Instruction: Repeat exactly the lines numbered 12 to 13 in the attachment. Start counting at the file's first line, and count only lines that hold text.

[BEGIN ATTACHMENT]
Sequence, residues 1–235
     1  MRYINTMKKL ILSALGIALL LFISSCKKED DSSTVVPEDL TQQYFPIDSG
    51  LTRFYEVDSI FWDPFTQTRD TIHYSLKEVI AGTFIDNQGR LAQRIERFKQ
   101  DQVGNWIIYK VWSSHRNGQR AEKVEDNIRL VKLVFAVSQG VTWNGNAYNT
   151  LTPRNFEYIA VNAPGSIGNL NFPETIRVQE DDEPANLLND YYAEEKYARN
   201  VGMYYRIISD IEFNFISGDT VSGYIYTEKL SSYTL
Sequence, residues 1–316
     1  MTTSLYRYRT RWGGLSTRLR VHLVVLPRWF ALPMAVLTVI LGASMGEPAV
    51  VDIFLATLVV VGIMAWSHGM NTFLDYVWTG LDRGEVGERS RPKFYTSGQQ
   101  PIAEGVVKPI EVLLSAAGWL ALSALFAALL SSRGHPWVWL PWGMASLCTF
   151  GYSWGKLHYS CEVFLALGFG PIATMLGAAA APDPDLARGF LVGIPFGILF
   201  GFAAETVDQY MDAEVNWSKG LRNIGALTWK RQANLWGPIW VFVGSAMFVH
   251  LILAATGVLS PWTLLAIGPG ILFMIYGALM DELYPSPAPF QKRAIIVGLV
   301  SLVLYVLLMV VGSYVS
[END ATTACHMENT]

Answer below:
   201  GFAAETVDQY MDAEVNWSKG LRNIGALTWK RQANLWGPIW VFVGSAMFVH
   251  LILAATGVLS PWTLLAIGPG ILFMIYGALM DELYPSPAPF QKRAIIVGLV